Scientists estimate the minimum historical population size of Southern Residents in the eastern North Pacific was about 140 animals. Following a live-capture fishery in the 1960s for use in marine mammal parks, 71 animals remained in 1974. Although there was some growth in the population in the 1970s and 1980s, with a peak of 98 animals in 1995, the population experienced a decline of almost 20 percent in the late 1990s, leaving 80 whales in 2001. The population census at the end of 2016 counted only 78 whales, and several deaths in 2017 brought the total of this struggling population to 76. In 2003, NOAA Fisheries began a research and conservation program with congressional funding to address the dwindling population. Southern Residents were listed as endangered in 2005 under the ESA and a recovery plan (PDF, 1.7MB) was completed in 2008.
- Southern Resident DPS
CITES Appendix II
- Throughout Its Range
- Throughout Its Range
- AT1 Transient stock
Killer whales are black on top with white undersides and white patches near the eyes. They have a gray or white saddle behind the dorsal fin. These markings vary widely between individuals and populations. Adult males develop larger pectoral flippers, dorsal fins, tail flukes, and girths than females.
Behavior and Diet
Killer whales are highly social, and most live in social groups called pods (groups of related individuals seen together more than half the time). Individual whales tend to stay in their original pods. Pods typically consist of a few to 20 more more animals, and larger groups sometimes form for temporary social interaction, mating, or seasonal concentration of prey.
Killer whales rely on underwater sound to feed, communicate, and navigate. Pod members communicate with each other through clicks, whistles, and pulsed calls. Each pod in the eastern North Pacific possesses a unique set of calls that are learned and culturally transmitted among individuals. These calls maintain group cohesion and serve as family badges.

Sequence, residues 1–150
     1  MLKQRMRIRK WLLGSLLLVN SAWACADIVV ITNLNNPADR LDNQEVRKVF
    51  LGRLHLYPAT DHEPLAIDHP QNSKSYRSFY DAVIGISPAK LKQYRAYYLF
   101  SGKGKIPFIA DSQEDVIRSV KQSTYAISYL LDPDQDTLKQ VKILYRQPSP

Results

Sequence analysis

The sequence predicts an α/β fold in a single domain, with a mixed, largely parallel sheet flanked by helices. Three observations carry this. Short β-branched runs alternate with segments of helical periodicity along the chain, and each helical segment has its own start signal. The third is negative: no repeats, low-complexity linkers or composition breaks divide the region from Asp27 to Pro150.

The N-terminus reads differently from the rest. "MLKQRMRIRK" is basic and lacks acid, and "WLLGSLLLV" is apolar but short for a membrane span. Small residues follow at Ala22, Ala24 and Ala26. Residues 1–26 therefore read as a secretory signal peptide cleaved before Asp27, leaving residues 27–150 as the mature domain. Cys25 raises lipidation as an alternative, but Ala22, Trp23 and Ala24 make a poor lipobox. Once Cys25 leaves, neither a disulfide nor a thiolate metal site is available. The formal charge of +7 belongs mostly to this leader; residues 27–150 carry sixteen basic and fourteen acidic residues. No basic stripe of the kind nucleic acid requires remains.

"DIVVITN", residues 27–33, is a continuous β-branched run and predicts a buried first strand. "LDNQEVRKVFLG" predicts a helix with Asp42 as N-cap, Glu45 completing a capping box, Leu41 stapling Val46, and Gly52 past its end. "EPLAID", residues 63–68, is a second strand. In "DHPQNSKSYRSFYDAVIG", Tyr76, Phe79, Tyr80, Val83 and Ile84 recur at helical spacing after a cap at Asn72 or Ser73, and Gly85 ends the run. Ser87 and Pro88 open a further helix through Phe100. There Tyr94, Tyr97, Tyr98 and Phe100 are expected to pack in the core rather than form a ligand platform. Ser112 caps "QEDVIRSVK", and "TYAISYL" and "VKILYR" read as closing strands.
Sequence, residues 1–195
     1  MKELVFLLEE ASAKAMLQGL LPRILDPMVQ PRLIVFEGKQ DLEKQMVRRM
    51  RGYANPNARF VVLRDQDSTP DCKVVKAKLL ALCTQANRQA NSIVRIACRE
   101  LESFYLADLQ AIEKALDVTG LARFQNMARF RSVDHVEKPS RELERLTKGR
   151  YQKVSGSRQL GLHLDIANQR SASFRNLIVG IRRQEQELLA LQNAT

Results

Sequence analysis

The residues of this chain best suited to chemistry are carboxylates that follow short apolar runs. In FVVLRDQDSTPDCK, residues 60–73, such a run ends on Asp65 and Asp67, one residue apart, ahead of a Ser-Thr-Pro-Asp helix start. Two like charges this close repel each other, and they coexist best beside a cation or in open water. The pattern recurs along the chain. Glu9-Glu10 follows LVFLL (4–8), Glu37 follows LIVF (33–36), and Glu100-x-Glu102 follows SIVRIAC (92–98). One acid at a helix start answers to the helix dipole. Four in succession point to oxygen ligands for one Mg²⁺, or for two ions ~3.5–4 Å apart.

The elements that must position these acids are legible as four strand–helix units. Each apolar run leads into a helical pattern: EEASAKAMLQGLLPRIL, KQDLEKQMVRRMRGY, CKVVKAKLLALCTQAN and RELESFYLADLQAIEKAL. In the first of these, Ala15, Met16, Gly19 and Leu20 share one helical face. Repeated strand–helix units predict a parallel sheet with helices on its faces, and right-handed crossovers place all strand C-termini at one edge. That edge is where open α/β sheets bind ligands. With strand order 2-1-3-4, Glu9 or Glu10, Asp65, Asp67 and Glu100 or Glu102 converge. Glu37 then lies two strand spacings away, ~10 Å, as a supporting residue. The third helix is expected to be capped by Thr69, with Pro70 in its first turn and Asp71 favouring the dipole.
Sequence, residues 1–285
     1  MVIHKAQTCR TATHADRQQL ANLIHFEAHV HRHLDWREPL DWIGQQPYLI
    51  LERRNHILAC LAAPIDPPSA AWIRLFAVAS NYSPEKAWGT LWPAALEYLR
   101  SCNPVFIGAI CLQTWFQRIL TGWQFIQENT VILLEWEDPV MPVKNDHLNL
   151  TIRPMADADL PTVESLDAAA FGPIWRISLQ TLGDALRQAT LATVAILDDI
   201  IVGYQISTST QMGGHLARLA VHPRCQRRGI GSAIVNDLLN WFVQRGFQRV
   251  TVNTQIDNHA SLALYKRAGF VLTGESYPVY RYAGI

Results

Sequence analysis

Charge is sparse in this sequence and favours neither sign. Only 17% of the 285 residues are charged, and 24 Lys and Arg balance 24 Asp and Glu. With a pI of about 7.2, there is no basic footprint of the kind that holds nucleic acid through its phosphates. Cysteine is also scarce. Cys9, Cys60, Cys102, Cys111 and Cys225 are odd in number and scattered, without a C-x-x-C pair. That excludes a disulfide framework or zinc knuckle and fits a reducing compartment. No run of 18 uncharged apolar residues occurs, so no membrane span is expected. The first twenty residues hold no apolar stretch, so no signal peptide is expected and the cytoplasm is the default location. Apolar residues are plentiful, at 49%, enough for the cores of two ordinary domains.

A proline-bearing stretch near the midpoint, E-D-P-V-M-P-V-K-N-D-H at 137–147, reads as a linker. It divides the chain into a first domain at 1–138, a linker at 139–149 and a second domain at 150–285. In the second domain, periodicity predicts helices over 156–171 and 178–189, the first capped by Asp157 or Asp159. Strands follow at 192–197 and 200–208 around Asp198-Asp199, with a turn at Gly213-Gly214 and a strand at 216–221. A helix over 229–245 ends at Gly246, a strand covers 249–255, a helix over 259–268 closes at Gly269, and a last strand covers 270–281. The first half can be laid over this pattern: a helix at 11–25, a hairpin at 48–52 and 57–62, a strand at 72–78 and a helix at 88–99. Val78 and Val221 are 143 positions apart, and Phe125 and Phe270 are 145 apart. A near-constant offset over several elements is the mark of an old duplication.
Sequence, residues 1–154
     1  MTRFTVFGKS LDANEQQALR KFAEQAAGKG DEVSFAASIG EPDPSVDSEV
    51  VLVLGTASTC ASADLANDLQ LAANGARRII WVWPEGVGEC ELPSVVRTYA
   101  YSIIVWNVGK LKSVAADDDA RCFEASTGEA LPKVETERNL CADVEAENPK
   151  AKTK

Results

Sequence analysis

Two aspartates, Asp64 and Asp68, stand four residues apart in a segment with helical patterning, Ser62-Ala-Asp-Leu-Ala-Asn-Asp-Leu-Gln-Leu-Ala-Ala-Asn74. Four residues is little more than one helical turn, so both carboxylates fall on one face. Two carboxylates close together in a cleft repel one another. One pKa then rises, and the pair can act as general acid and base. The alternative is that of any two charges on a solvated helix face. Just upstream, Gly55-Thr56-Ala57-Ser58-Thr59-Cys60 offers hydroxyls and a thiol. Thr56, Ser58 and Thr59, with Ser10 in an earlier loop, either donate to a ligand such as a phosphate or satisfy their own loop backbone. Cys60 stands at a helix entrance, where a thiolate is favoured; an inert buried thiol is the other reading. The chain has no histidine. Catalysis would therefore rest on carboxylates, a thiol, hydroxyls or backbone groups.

Although the diet of killer whales depends to some extent on what is available where they live, it is primary determined by the culture (i.e., learned hunting tactics) for each ecotype of killer whale. For example, one ecotype of killer whales in the U.S. Pacific Northwest (called Residents) exclusively eats fish, mainly salmon, and another ecotype in the same area (Transients, or Bigg’s killer whales) primarily eats marine mammals and squid.
Killer whales often use a coordinated hunting strategy and work as a team to catch prey. They are considered a top predator, eating near the top of the food chain.
Where They Live
Killer whales are found in all oceans. While they are most abundant in colder waters like Antarctica, Norway, and Alaska, they are also found in tropical and subtropical waters. The most well-studied killer whale populations occur in the eastern North Pacific Ocean. Resident killer whales have been seen from California to Russia. Transient killer whales occur throughout the eastern North Pacific, and are often seen in coastal waters. Their habitat sometimes overlaps with Resident and Offshore killer whales. Offshore killer whales have the largest range of any community, and often occur more than 9 miles offshore.
Lifespan & Reproduction
Male killer whales typically live for about 30 years, but can live from 50 to 60 years. Females typically live about 50 years, but can live from 80 to 90 years.
Females reach sexual maturity when they are between 10 and 13 years old. They are typically pregnant for 15 to 18 months and give birth to a single calf. Calves nurse for at least a year. There is no distinct calving season, so birth can take place in any month. The birth rate for killer whales is not well understood. In some populations, birth rate is estimated at every 5 years for an average period of 25 years. Killer whales, short-finned pilot whales, and humans are the only known species that go through menopause.